Sometimes not being picked early in the NFL Draft can be just as much of a headline — if not a bigger one — than going No. 1 overall.

Such was the case for Nebraska's Randy Gregory this weekend.

Within the past few months, the Huskers defensive end went from a potential top-five pick to what he ended up being: a late-second-round selection of the Dallas Cowboys on Day 2 of the draft Friday night in Chicago.

Gregory was the last one left in the green room when the Cowboys took him with the No. 60 pick, the final player to get to pose with commissioner Roger Goodell.

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But Gregory's case wasn't as simple as a guy who teams thought wasn't worthy of their top pick. Gregory was one of several draft prospects who ran into troubles involving marijuana use, including failing a drug test at the Combine.

Gregory owned up to what he called a "real dumb mistake" after finally getting his name called, saying that he knew it would affect his draft stock. He said he's ready to get to work and put this "embarrassing" incident behind him.

"I'd be lying if I said I wasn't a little bit (bitter about getting picked so late). Obviously, everyone wants to be picked high, but at the same time, I understood why I wasn't picked high. I know I put myself in that position," Gregory said. "The main goal is to make plays anyways. So I'm going to carry myself with a chip on my shoulder, and the Dallas Cowboys are going to do the same. That's why they've had that success is that mentality. I think that's why everyone looks at them that way. I think that's why they've had the tradition they've had. That's why us together we can do some big things."


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But for all the honesty Gregory displayed in discussing his mistake and the thankfulness he showed for being selected by any team at any spot in the draft, the case is still a curious one.

As mentioned, other prospects had similar issues. Another defensive end, Shane Ray, was also caught using marijuana. That was also among the lengthy list of troubles of wide receiver Dorial Green-Beckham. The Broncos traded up to get Ray in the first round. Green-Beckham went ahead of Gregory in the second round.

So why was Gregory continually passed up?

An report last week pointed to a strange concern many coaches and scouts had with Gregory leading up to the draft, though no one definitively stated what that was. One NFL general manager was quoted in that report saying, "There are more negatives than positives."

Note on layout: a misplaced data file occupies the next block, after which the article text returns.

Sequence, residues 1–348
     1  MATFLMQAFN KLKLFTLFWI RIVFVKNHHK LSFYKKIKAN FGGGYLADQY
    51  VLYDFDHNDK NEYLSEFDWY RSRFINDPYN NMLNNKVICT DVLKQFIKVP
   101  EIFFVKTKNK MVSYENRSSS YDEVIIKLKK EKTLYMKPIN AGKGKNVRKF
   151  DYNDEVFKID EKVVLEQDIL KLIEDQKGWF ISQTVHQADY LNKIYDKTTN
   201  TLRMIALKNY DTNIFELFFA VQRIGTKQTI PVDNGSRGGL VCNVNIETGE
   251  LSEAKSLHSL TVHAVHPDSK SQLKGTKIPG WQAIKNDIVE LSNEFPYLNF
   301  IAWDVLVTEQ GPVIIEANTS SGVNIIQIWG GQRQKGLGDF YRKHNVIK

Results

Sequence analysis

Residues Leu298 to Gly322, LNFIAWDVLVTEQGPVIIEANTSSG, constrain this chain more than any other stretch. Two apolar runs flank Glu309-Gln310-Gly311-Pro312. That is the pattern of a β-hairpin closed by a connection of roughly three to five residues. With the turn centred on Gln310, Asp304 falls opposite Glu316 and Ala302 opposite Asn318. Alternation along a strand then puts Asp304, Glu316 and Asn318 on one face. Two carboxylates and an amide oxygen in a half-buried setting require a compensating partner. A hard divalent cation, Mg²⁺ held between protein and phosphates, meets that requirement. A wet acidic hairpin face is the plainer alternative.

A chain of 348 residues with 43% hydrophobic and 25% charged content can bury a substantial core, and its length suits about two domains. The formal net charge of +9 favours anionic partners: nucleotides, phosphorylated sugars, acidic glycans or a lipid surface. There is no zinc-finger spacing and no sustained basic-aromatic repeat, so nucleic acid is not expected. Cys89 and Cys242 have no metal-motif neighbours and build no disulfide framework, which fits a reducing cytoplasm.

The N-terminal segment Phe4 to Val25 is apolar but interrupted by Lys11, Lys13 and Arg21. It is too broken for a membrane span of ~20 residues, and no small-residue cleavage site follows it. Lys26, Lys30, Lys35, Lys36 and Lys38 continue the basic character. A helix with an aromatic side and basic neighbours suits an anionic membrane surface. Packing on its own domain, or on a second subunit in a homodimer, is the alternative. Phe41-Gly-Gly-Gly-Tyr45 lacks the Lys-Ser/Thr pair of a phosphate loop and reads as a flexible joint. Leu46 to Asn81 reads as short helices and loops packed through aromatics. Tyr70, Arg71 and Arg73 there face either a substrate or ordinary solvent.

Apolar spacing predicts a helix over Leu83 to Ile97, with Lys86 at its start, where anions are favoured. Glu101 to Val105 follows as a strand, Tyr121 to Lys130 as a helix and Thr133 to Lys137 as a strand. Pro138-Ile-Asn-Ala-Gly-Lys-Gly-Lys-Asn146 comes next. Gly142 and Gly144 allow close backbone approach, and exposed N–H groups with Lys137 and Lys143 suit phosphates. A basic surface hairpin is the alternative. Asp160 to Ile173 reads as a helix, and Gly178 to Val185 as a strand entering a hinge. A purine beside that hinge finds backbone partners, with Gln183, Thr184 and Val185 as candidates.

From's Ian Rapoport and Albert Breer:

At least three general managers view him as a top-five talent. But according to more than a dozen coaches, scouts, personnel chiefs and GMs, there is concern about Gregory's ability to handle the mental rigors of professional football. And just how far he drops in this week's draft will likely hinge on the individual psychological profiles (and the results of related testing) put together by each team, according to multiple veteran evaluators. He has been taken off a several team's draft boards, according to multiple sources.

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Gregory seemed to allude to whatever this issue is after he was selected Friday, though he, too, refused to go into details, saying only that the Cowboys seemed to be OK with things.

"My situation's a little unique. I can't go into details," Gregory said. "I sat down with Jerry Jones, we had a heart-to-heart, talked for about 40 minutes, and I think we were on the same page. I met with coach (Jason) Garrett and coach (Rod) Marinelli, and I think we've got a good idea of what we need to do. They have a great support system there. Obviously they've had guys in the past that they worked with, and that's one of the big things that we probably looked at. It's probably the best spot for me in this draft, it really is."


We might never find out whether this was just a kid making the same mistake that a ton of kids make or something more. But the Cowboys seemed satisfied enough to make Gregory their second-round draft pick. Now it's up to Gregory to not only make them proud on the field but off it, as well.

"There's a lot of tradition with this organization, and I don't want to be the one to bring bad light on that. And I won't be," Gregory said. "That's one of the things I gave my word to them when they called me when they were about to make the pick. I promised them that I was going to work my ass off to make plays on the field and I was going to work my ass off so they don't have to worry about me off the field.

"(I'm) somebody that's going to prove a lot of people wrong, basically 31 other teams wrong and a lot of other people that are looking at me and doubting me. Us and the Cowboys, we're going to prove those doubters wrong, we really are."